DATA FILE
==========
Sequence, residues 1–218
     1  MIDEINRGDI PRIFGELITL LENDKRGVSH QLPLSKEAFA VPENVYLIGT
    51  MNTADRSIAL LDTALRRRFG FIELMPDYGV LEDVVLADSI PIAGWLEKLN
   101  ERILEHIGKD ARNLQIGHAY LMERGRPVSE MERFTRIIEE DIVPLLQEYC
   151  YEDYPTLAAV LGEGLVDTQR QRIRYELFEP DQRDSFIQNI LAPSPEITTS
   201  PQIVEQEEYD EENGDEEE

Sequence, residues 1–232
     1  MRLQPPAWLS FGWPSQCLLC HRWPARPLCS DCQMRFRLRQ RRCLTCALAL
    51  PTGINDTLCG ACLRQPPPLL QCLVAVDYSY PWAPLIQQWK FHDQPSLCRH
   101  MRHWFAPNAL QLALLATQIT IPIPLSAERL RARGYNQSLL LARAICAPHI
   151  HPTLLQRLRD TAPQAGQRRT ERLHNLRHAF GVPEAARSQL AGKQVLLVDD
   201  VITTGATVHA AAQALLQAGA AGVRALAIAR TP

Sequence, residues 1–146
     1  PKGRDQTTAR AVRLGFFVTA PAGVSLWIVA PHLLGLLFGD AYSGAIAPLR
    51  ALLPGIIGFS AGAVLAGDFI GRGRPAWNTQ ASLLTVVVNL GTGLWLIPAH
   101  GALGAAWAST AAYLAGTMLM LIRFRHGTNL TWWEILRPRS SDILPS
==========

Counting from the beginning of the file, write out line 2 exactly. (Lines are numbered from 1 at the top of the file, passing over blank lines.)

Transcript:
     1  MIDEINRGDI PRIFGELITL LENDKRGVSH QLPLSKEAFA VPENVYLIGT